Sustainable Seafood Week 2021
This is a sponsored post, brought to you by Tassal.
Chances are if you are reading this you know that fish, and oily fish such as Tassal Atlantic salmon in particular, is an exceptionally healthy choice and most of us should be eating more of it. You have also likely heard that a number of types of wild fish are at major risk of depletion, with significant strains on our fish supplies as the population grows and the demand for fish increases. Yet despite knowing these alarming facts, do you know if you are buying Aussie grown Atlantic salmon? And more importantly, do you know if the seafood you buy is sustainably sourced?
For lovers of Aussie food and Aussie seafood in particular, you will be interested to know that this week is Sustainable Seafood Week. A week dedicated to highlighting the importance of seeking out and supporting local seafood producers who are also committed to sustainable farming practices to protect the future of seafood farming in Australia.
We know that Aussies are interested in purchasing sustainable seafood. Research shows that 2/3 of Aussies believe it is important that the seafood they buy is produced in a sustainable way. More importantly, more than 2/3 of Australians are willing to pay more for sustainably sourced seafood. Yet despite these best of intentions, it is actually extremely difficult to identify which seafood is sustainably sourced.
Specifically, choosing seafood that is certified by the ASC will ensure that the Aussie grown Atlantic salmon and seafood you are buying is produced in a sustainable way. By choosing Tassal Atlantic salmon, you’re supporting Australia’s only salmon producer who has achieved certification with the Aquaculture Stewardship Council across its salmon operations. With our oceans depleting, choosing sustainable seafood and salmon each has a multitude of implications. First and foremost it helps to protect our oceans and marine ecosystems. Importantly, sustainable seafood is based on a scientific model to ensure the standards are met for environmentally sustainable fishing and farming. And ultimately seeking out sustainable seafood helps to drive more fish producers to ensure they are fishing and farming using sustainable methods.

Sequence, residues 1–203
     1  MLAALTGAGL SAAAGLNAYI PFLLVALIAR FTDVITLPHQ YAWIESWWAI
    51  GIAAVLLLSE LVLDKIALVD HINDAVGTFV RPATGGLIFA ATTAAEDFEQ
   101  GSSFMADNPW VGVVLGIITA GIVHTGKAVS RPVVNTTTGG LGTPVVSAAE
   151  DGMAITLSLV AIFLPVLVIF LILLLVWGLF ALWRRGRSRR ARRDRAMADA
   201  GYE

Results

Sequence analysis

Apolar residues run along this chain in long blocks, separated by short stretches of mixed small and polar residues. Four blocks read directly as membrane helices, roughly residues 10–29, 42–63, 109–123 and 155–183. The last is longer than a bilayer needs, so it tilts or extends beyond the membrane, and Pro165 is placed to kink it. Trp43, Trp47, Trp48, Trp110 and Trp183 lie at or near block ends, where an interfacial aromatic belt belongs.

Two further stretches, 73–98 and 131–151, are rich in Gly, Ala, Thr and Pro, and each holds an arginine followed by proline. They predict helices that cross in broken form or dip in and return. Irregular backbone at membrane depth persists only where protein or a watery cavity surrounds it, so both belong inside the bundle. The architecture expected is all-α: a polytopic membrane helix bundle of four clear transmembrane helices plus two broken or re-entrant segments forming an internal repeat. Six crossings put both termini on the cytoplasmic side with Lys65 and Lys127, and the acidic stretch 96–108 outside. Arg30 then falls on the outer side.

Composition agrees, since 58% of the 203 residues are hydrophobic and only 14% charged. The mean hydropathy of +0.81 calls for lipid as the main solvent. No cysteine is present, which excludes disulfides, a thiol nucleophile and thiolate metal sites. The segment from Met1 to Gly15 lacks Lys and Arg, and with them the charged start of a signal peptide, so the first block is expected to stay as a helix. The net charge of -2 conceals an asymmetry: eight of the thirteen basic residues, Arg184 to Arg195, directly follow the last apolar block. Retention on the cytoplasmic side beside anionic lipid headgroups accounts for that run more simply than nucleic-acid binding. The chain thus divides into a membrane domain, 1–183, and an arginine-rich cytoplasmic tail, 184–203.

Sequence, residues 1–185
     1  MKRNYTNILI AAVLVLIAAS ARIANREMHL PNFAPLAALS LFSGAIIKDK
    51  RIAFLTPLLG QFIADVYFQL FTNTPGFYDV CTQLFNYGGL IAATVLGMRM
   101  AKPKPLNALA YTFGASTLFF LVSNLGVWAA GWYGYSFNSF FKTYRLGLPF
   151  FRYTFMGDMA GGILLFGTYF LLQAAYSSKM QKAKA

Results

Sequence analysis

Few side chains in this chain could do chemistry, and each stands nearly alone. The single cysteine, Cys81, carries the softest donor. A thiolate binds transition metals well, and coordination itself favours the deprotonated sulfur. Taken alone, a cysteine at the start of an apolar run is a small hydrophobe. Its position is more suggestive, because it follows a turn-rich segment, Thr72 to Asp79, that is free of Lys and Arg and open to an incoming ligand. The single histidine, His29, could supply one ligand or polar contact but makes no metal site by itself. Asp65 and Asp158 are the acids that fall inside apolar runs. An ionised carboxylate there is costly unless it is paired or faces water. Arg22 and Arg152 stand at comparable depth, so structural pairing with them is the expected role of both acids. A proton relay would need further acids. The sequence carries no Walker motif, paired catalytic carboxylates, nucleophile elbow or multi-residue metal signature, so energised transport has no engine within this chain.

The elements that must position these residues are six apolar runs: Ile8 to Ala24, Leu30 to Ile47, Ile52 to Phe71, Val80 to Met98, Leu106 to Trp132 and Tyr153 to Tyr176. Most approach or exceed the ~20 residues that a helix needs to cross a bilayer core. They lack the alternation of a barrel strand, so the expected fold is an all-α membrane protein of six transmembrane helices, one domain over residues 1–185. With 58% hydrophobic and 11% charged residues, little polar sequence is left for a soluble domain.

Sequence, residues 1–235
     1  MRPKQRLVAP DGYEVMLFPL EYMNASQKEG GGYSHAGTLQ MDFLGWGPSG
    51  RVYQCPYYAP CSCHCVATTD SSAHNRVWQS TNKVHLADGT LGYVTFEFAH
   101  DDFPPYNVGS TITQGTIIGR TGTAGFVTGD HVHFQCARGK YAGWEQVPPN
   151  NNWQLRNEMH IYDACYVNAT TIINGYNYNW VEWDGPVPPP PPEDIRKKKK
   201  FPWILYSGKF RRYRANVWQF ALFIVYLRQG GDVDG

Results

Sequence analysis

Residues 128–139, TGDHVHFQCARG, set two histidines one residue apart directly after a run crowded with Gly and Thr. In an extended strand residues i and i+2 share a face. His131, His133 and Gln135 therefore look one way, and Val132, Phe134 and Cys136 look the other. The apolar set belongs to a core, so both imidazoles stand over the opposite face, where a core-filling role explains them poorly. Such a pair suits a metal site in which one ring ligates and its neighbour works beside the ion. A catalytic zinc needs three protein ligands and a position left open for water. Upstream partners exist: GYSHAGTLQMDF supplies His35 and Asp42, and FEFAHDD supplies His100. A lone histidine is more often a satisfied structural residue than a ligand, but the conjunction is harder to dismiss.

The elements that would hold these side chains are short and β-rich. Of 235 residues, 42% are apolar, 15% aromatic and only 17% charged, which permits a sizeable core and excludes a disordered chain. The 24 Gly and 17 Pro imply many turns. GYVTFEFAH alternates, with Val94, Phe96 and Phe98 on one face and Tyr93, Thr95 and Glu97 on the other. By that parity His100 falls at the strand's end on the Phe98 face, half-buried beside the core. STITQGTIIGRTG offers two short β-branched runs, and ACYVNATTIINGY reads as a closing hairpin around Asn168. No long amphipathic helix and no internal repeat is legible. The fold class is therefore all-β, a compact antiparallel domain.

As Australia’s largest producer of salmon, Tassal is deeply committed to leading the salmon farming industry by example. Consumer demand for Omega-3 rich salmon continues to grow, and as such sustainable farming models achieve a balance between demand and environmental sustainability. For over 30 years now Tassal has been producing delicious and nutritious Aussie grown Atlantic salmon so that families can enjoy a sustainable protein with a lower carbon footprint.
Recipe: Ginger Soy Salmon
1 ½ Tbsp. soy sauce
1 Tbsp. sweet chilli sauce
1 Tbsp. lime juice
1 tsp. crushed garlic
1 tsp. crushed ginger
2 x 120g salmon fillets
½ cup broccoli florets
½ cup carrot, peeled, diced
½ cup frozen peas
½ cup cooked quinoa
1 spring onion, diced
1. Pre heat an oven to 180°C. In a small bowl mix together 1 Tbsp. of the soy sauce, sweet chilli sauce, lime juice, garlic and ginger.
2. Lay two pieces of foil on the bench and place a salmon in each (skin-side down); pour the marinade evenly over the two pieces of salmon. Fold foil around the salmon to make two parcels. Cook in the oven for 10-12 mins.
3. Meanwhile, place broccoli, carrot and peas in microwave safe bowl and cook for 2-3 mins. Drain well.
4. Mix together the quinoa, cooked vegetables, spring onion and remaining 1/2 Tbsp. soy sauce.
5. Remove salmon from the foil parcel and serve on a bed of quinoa and vegetables, and drizzle with any remaining parcel juices and enjoy!